When I was little, probably about seven years old, I had a Valentine’s Day dress. It was bright red with little white flowers, little white lace trim, and a big flat collar. It was meant to be worn with a crinoline underneath for a knee length, puffy skirt. I tried to wear it every Valentine’s Day.
Looking back, I probably looked a little dorky. But I loved that dress with its puffy skirt and shirt puffy sleeves.
My grandmother made it for me.
My dad’s mom, Norma, was probably one of the first crafty people I knew. Her handmade quilts were all over the house from the time I was born. She did them all by hand, every single stitch. Colorful, classic patchwork designs. I remember when she was trying to master a new “peacock” pattern to make a quilt for my parent’s bed. They were warm, wonderful pieces of art and I always loved having them.
Then there were the dresses. I had a cousin only a little older than myself, and one year Grandma Norma decided to make us matching dresses. Over the next couple of years, there are three dresses that I remember. One was white with blue flowers. The next one was yellow with a little white print. And then the Valentine’s Day dress. Red, with white hearts.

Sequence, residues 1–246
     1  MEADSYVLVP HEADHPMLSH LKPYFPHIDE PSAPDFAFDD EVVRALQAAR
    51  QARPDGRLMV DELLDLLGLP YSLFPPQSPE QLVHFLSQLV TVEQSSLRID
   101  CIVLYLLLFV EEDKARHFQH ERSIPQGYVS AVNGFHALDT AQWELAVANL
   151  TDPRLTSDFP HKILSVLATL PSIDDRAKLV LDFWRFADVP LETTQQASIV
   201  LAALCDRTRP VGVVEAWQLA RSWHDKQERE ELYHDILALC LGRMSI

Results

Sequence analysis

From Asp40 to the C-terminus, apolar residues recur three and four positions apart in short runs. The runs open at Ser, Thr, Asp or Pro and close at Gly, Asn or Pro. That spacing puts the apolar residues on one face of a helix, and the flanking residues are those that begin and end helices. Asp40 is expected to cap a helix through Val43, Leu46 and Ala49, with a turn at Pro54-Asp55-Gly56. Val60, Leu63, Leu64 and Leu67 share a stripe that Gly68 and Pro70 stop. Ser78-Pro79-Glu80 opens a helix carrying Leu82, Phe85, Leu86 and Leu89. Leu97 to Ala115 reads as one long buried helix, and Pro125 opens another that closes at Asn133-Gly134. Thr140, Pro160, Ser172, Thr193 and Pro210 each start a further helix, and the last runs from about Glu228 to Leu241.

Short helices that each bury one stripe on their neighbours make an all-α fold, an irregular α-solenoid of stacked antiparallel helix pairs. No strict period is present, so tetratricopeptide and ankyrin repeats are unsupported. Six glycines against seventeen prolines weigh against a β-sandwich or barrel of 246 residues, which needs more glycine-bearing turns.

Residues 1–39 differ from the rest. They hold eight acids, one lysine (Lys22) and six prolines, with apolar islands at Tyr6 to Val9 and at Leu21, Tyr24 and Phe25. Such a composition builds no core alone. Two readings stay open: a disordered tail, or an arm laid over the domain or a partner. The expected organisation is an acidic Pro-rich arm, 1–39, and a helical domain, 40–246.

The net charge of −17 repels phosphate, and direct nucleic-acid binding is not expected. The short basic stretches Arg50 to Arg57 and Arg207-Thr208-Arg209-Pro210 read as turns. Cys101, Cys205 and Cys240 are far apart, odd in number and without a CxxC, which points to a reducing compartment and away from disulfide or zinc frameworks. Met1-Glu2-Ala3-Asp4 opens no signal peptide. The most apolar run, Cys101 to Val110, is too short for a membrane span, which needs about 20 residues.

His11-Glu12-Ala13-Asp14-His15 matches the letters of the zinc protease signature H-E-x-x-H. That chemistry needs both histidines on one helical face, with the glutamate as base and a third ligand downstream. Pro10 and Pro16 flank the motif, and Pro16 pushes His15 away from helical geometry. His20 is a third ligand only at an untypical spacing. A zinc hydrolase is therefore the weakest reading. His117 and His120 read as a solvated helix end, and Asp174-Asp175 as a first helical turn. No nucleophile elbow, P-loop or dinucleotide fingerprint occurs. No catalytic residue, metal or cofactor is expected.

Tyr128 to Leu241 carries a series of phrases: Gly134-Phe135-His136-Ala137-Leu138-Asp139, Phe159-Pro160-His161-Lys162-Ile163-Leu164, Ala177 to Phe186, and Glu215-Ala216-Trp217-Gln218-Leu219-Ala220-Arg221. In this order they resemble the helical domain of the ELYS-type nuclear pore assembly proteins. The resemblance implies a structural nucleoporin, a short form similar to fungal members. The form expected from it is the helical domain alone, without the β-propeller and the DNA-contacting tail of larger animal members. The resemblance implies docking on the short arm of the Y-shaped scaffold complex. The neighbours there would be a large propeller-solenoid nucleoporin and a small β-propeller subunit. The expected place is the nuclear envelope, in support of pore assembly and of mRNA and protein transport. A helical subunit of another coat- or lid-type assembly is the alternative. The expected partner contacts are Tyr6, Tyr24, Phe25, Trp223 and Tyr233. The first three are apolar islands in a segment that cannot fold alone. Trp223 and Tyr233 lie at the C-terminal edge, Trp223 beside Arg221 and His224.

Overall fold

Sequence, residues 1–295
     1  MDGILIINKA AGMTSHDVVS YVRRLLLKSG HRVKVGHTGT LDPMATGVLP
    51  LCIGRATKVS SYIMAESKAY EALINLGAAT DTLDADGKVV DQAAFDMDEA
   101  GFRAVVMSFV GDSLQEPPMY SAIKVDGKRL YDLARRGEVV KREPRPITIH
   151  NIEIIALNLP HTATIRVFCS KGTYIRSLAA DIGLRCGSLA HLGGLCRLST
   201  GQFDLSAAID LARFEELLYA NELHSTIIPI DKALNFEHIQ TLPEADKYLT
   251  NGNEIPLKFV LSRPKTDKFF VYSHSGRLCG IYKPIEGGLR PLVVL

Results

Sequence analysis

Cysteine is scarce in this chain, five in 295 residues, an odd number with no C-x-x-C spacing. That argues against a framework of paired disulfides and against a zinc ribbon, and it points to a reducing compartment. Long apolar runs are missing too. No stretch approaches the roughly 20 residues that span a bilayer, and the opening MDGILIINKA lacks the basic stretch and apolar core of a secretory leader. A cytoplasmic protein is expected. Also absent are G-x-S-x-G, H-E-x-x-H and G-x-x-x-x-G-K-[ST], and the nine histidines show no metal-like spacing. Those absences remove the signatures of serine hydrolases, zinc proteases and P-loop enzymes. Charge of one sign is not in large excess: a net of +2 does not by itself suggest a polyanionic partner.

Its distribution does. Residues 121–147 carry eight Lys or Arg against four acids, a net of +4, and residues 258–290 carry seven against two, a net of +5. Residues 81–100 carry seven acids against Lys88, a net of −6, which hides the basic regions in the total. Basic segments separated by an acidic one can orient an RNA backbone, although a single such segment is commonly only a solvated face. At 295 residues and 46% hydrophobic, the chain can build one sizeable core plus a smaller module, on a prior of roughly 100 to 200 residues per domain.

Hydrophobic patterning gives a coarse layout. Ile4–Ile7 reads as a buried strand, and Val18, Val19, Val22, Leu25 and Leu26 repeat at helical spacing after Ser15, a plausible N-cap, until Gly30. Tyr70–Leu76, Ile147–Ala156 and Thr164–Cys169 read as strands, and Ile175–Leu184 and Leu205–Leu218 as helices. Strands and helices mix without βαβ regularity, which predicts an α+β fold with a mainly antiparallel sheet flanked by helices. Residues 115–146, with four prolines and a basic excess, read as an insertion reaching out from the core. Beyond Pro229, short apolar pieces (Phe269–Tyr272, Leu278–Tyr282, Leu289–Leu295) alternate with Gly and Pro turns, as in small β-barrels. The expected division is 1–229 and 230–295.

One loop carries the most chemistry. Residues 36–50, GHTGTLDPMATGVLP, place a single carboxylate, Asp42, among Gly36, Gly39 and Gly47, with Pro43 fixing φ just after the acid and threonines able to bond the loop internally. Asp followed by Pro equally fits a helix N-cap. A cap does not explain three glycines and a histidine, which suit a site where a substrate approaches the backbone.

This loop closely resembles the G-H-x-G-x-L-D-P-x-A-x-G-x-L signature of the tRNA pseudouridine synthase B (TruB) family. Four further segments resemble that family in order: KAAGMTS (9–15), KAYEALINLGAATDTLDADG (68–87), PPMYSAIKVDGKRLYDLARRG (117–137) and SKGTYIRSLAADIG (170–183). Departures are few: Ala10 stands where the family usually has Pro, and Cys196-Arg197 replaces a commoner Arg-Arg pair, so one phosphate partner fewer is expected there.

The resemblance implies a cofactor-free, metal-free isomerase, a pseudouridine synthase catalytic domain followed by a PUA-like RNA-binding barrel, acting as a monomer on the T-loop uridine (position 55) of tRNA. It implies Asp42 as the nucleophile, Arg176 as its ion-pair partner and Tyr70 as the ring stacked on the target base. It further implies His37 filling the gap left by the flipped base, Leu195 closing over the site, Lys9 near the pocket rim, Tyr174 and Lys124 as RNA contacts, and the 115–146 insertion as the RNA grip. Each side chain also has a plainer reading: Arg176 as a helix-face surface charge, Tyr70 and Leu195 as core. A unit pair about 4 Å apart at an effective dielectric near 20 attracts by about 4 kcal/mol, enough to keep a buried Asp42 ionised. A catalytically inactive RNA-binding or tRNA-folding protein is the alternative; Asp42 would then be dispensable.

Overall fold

Grandma Norma kept right on crafting until the very end of her life. I have on my bed what was one of her very last projects. She gave it to me when I was in my twenties, knowing that she probably was not going to be around to see me get married. It’s my “wedding quilt.” It stayed carefully protected on the top shelf of my closet for several years. The night Mark and I got married, I took it out. She passed away before our wedding, but it means so much to me to have that quilt. I can see her love and care in every little hand sewn stitch.
With Valentine’s Day tomorrow, I wonder whatever happened to that red dress.